Esa-Pekka Salonen wins the 2012 Grawemeyer Award for Music Composition

Esa-Pekka Salonen  wins the 2012 Grawemeyer Award for Music Composition

The Violin Concerto by Esa-Pekka Salonen, published by Chester Music, has won the 2012 University of Louisville Grawemeyer Award for Music Composition. The work is a co-commission from the Los Angeles Philharmonic, New York City Ballet and the Chicago Symphony Orchestra Association.

Esa-Pekka Salonen comments:
"I'm deeply, humbly grateful for the Grawemeyer Award for Music Composition to be given to my Violin Concerto. With great pride I join the illustrious list of previous recipients, many of whom have been important influences in my life both musically and personally."

The four-movement, half-hour concerto begins with a solitary violin, moves on to "embrace a series of themes ranging from a quiet heartbeat to urban pop music and ends on a chord unlike any other in the work", said award director Marc Satterwhite. "The piece is eclectic in its influences but has a distinct personality all its own", he said.

Salonen conducted the first performance of the Violin Concerto himself at one of his final concerts with the Los Angeles Philharmonic in 2009. Violinist Leila Josefowicz, who inspired Salonen's work, played at its premiere. Josefowicz and the Finnish National Radio Symphony will record the piece for commercial release in May 2012.

Salonen's Violin Concerto was selected for the Grawemeyer Award from among 165 entries. The University of Louisville presents four, $100,000 Grawemeyer Awards each year for outstanding works in music composition, world order, psychology and education.

Click here to read more about Violin Concerto.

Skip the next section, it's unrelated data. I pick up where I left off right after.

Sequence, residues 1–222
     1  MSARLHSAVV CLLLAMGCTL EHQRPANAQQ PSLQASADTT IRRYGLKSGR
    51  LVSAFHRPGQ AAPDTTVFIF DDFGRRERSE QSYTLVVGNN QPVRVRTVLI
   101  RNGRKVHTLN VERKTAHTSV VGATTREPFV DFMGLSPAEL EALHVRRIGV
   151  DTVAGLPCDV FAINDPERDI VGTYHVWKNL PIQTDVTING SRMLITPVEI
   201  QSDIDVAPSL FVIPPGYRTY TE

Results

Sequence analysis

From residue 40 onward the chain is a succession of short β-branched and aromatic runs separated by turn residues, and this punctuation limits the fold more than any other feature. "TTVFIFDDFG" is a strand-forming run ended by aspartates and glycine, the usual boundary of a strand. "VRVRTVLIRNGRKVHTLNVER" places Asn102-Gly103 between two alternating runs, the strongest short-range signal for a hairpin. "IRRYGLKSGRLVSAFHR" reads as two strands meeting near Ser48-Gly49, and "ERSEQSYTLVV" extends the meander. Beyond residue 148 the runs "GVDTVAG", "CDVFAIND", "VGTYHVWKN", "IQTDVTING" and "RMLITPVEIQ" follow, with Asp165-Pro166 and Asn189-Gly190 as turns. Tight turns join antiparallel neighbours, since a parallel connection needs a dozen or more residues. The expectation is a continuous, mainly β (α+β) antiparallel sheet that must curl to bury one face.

Watch a video of the Violin Concerto.

Statement from Esa-Pekka Salonen:
The initial impulse for writing a concerto for violin was a very inspiring and enjoyable collaboration with Leila Josefowicz on a number of contemporary works in Los Angeles and Chicago. She plays new music with the same kind of dedication and panache others reserve for Brahms, Beethoven and the rest of the gang.

My long and very happy tenure as music director of the Los Angeles Philharmonic was coming to an end. After 17 years I had decided it was time to move on and try to devote more time for composing. It felt like a seismic shift in my life, and during the composing process of “Violin Concerto” I felt that I was somehow trying to sum up everything I had learned and experienced up to that point in my life as a musician. This sense of having reached a watershed was heightened by the fact that I turned 50, the kind of number that brutally wipes out any hallucinations of still being young.

There is a strong internal, private narrative in my concerto, and it is not a coincidence that the last movement is called 'Adieu'. For myself, the strongest symbol of what I was going through is the very last chord of the piece; a new harmonic idea never heard before in the concerto. I saw it as a door to the next part of my life of which I didn't know so much yet, a departure with all the thrills and fears of the unknown.

For more information on the award please go to

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